Hypokalemia and Potassium-sparing Diuretics
The chronic use of some diuretics may require the oral administration of potassium supplements or potassium-sparing diuretics that reduce urinary K+ excretion. This is true especially for patients with congestive heart fail-ure and cirrhosis, who are particularly sensitive to K+ loss. The presence or absence of clinical symptoms of hypokalemia is quite closely related to serum K+ con-centrations, and even small changes in extracellular K+ can have marked effects. Most patients begin to show symptoms when serum K+ levels fall below 2.5 mEq/L (from a normal value of approximately 5 mEq/L).
Neurological symptoms include drowsiness, irritabil-ity, confusion, loss of sensation, dizziness, and coma. Other important symptoms of hypokalemia are muscu-lar weakness, cardiac arrhythmias, tetany, respiratory ar-rest, and increased sensitivity of the myocardium to dig-italislike drugs.
Hypokalemia can be treated by supplying additional K+ through the diet, drug treatment, or both. Replacement should be gradual, with frequent evalua-tion of both serum K+ concentrations and cardiac activ-ity (electrocardiographic monitoring). K+ supplements can be administered in several forms. KCl is generally preferred over other forms such as bicarbonate, citrate, or gluconate, since most patients exhibit concurrent metabolic alkalosis. KCl corrects both the hypokalemia and the alkalosis. When hypokalemia is not attended by metabolic alkalosis, other forms of K+ supplementation may be preferred. Since KCl solutions have a rather bit-ter and unpleasant taste, this salt was formerly given as an enteric-coated tablet. However, the rapid release of KCl from the tablet after it entered the small intestine was responsible for a severe local ulceration, hemor-rhage, and stenosis, especially when there was a delay in gut transit time; therefore, the enteric-coated tablets have been withdrawn.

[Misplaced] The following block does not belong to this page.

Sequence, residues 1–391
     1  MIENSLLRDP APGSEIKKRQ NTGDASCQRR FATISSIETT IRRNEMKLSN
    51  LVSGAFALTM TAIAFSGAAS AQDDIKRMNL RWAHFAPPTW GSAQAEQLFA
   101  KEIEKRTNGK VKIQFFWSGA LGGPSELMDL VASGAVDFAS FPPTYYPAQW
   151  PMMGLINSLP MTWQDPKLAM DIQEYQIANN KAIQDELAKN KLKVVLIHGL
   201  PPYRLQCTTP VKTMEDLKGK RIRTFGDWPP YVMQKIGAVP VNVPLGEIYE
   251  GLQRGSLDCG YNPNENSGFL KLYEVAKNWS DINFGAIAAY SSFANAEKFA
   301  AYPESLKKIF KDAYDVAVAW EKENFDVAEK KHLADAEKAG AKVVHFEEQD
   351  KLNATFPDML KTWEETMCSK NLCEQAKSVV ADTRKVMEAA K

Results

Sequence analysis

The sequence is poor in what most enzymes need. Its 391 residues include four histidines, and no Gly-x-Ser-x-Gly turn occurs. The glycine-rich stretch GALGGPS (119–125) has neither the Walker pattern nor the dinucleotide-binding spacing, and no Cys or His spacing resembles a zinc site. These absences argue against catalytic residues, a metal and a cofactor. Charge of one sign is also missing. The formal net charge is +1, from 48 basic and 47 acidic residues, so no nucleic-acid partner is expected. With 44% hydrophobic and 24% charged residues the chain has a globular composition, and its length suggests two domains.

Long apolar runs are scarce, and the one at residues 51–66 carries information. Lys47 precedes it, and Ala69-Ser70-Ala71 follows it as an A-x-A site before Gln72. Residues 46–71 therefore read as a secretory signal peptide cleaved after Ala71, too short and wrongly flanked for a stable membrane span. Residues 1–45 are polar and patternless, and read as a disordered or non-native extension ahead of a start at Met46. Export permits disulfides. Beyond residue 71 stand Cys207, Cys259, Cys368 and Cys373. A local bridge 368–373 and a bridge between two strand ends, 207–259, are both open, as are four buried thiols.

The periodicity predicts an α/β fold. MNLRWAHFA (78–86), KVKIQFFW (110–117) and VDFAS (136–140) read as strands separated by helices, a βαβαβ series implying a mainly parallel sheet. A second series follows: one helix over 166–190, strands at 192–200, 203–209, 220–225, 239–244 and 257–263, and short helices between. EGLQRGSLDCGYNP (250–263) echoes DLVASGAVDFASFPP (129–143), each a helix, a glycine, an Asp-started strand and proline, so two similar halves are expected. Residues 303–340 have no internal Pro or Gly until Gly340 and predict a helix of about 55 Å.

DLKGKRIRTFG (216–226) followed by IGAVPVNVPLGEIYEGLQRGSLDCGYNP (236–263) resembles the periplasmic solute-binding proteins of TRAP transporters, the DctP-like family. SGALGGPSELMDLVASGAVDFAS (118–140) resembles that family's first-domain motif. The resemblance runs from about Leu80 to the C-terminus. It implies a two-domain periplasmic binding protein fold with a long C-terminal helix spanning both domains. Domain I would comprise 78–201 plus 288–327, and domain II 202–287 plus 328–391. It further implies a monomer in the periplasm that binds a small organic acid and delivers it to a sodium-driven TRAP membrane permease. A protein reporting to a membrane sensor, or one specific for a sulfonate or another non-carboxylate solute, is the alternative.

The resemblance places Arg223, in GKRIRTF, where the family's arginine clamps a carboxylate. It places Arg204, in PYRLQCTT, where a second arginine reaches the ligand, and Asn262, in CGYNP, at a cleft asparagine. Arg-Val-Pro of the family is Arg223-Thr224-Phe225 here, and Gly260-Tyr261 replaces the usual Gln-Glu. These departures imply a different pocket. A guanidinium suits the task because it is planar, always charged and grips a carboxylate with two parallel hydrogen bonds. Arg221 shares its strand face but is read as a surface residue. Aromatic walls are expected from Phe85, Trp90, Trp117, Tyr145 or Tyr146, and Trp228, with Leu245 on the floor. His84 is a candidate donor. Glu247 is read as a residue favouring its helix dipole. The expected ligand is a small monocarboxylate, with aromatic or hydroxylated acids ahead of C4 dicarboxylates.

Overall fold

Sugar-coated products have been marketed that contain KCl in a wax matrix (Slow-K+ and Kaon-Cl) and are purportedly slow- and controlled-release prepara-tions. Available evidence indicates that these slow-release forms of KCl are occasionally capable of causing local tissue damage and therefore probably should be used with caution for K+ supplementation. Solutions of potassium gluconate, like the tablets, also have been as-sociated with intestinal ulceration. Microencapsulated KCl preparations (Micro-K, K-Dur) that are neither en-teric coated nor contained within a wax matrix appear to be superior to the wax matrix formulation.
Consumption of potassium-rich foods is the easiest and most generally advised means of counteracting a K+ deficit. Table 21.3 lists foods that are suitable for K+ supplementation.
In general, a normal diet plus about 40 mEq per day of K+ is adequate to prevent hypokalemia. If K+ -rich foods prove inadequate in replacing large quantities of the electrolyte or if the increased caloric intake that is part of the dietary supplementation is not desirable, oral liquid therapy is the formulation of choice. A listing of these solutions is given in Table 21.4. Although pa-tients may find many of these products unpalatable, their further dilution with water or fruit juice can be helpful. Finally, the addition of a K+ -sparing diuretic to the therapeutic regimen may prove useful.
The three principal potassium-sparing diuretic agents produce similar effects on urinary electrolyte composition. Through actions in the distal convoluted tubule and collecting duct, they cause mild natriuresis and a decrease in K+ and H+ excretion. Despite their similarities, these agents actually constitute two groups with respect to their mechanisms of action.